On a particularly hot afternoon one likes no better than to be in the presence of people who -- no matter how serious their work may be -- seem to always exude a certain cool. One of those people is Adel Imam, one of my oldest friends, and a true star of the silver screen. One of the greatest comedians Egypt has ever seen, Imam is now also busy doing very good work with the United Nations. Yes dears, and earlier this week, I was there when Imam was handed a certificate by the United Nations officially declaring him the Goodwill Ambassador of the United Nations High Commissioner for Refugees (UNHCR) for the Middle East and North Africa. The commissioner himself, Ruud Lubbers, held a press conference, during which he bestowed Imam with the honour, and told those of us gathered at the Conrad hotel all about the busy morning he and Imam had. The two visited Mohammed Sayed Tantawi, Al-Azhar's Grand Sheikh, Pope Shenouda III, Patriarch of the Coptic Orthodox church, as well as Foreign Minister Ahmed Maher and Arab League Secretary General Amr Moussa, whom Lubbers invited to attend the annual UNHCR convention in Geneva as a step towards greater involvement of Arab nations in the UNHCR.

Thanks to my dear friend Abdullah Schleifer, director of the American University in Cairo's Adham Center for Television Journalism, a new graduating class of talented broadcast journalists are now set to succeed at various Arab and international television channels. The class -- composed of Dalia Ashmawi, Intisar El-Shukri, Mervat Abou Oaf, Dina Geith, Lena El Ghadban, Nadine Hallal, Dalia Mabrouk, and Caroline Ghali -- is a clear indicator that the fairer sex is starting to really dominate this business. That's certainly all for the best, dearies, and I'm sure you would all agree. I met these lovely women at the traditional annual awards dinner that Schleifer hosts, bringing together both new and old graduates. At the event, AUC Provost Earl (Tim) Sullivan appointed Abu Dhabi TV's Deputy Director Mohamed Dourrachad as an Associate of the Adham Center, an honourary faculty position which is awarded by the university to outstanding figures in broadcasting for their contributions to the industry in general and television journalism in particular.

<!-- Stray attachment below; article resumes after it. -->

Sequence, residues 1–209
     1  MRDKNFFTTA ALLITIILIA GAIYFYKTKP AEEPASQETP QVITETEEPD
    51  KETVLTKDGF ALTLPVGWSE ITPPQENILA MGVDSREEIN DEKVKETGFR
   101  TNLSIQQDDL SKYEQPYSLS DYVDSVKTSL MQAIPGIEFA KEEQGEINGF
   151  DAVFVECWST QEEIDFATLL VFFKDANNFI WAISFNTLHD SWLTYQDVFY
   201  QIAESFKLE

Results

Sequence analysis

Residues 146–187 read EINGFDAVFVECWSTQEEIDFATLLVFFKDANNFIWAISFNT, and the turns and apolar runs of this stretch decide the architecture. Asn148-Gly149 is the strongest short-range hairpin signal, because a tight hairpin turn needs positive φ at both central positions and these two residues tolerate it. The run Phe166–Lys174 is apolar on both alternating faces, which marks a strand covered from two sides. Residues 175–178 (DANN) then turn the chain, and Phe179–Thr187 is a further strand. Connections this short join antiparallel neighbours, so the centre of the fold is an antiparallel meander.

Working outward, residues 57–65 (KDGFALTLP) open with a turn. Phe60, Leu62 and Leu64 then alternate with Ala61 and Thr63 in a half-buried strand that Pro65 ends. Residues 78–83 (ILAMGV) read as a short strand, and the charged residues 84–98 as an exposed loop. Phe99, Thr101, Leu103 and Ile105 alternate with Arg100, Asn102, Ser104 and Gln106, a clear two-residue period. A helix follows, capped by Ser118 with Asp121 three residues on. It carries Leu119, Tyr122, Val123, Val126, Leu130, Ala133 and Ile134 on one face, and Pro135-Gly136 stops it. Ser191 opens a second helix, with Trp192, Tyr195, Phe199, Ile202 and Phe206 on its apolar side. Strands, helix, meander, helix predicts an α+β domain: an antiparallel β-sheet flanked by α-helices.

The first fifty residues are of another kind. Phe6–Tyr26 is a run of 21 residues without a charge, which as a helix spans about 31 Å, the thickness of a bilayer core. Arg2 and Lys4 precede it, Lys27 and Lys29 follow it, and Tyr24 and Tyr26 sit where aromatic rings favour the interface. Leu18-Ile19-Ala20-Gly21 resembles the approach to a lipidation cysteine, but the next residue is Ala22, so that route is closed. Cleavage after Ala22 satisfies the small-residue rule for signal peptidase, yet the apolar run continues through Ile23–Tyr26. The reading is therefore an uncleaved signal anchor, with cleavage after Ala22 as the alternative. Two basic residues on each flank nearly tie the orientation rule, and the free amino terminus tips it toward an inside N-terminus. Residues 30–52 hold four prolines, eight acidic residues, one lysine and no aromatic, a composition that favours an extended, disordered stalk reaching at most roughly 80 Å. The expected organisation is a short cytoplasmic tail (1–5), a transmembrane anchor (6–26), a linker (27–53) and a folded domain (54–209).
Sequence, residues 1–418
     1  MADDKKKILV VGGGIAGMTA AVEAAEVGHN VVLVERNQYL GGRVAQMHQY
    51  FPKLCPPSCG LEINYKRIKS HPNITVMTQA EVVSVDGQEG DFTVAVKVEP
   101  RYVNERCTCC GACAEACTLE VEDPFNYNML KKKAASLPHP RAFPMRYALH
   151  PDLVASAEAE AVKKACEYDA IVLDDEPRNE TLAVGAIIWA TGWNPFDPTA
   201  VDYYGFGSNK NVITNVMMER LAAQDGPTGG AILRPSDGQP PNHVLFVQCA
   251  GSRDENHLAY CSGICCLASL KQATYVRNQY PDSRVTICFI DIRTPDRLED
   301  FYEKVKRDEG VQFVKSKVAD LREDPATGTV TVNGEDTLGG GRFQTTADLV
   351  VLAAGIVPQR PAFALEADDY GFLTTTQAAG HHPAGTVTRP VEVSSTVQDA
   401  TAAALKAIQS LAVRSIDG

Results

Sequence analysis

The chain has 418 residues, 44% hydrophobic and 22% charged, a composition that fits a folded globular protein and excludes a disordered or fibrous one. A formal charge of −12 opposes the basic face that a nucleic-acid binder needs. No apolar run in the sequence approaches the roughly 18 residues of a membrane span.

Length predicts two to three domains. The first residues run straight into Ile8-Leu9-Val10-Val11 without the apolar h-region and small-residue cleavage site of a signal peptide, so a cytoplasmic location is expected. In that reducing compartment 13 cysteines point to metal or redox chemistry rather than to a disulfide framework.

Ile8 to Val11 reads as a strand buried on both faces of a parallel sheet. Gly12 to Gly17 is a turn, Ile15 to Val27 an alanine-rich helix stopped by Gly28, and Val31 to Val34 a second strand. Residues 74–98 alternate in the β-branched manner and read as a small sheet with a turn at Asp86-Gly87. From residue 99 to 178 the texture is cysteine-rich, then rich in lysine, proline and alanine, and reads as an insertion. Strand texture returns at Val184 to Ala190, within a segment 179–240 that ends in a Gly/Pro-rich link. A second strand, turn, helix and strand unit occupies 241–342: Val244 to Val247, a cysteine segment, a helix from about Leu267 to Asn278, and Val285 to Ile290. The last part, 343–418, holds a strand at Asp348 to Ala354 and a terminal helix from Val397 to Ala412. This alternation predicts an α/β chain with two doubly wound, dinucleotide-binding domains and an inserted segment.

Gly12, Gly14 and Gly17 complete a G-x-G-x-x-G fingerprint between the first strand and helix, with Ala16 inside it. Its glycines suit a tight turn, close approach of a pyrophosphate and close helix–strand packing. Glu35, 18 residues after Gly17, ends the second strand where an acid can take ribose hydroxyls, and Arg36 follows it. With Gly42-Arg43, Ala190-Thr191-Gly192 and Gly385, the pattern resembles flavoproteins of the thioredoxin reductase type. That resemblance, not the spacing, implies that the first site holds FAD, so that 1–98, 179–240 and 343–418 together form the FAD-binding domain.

My colleague Reham El-Adawi recently informed me that the Faculty of Arts at Cairo University has awarded its Shield and a certificate of recognition to my dear friend Antonio Gil de Carrasco, the diligent director of the Cervantes Institute (or the Spanish Cultural Centre) in Cairo. Carrasco received the award from Cairo University Vice- President Ahmed Fouad Pasha and Dean of the Faculty of Arts Ahmed Hassan Ibrahim. Attending the ceremony was Spanish Ambassador in Egypt Pedro Lopez Aguirrebengoa, members of the Spanish community in Egypt and the staff of the Spanish Department at the Faculty of Arts, which is headed by Abdel- Fatah Awad. Carrasco was honoured in recognition of the tremendous role he has played, as head of the Cervantes since 1998, in creating a cultural dialogue between Egyptian and Spanish literati. At the celebration, Carrasco said he was proud to work in Egypt, where he has always felt like he was an Arab. That feeling, he added, is revived whenever he goes to Granada.

It is with a special thrill that I impart to you the news of my dear and beautiful friend Dina Shawki's engagement to talented architect Karim Farah. After a private family prayer, the charming couple popped the champagne with their friends at one of the hippest nightclubs in town. Dancing the night away euphorically, Dina and Karim were all smiles and giggles by the early hours of the morning. And their special souvenir? Keeping the champagne cork on a key chain as a memento of the night they will never forget. To their health!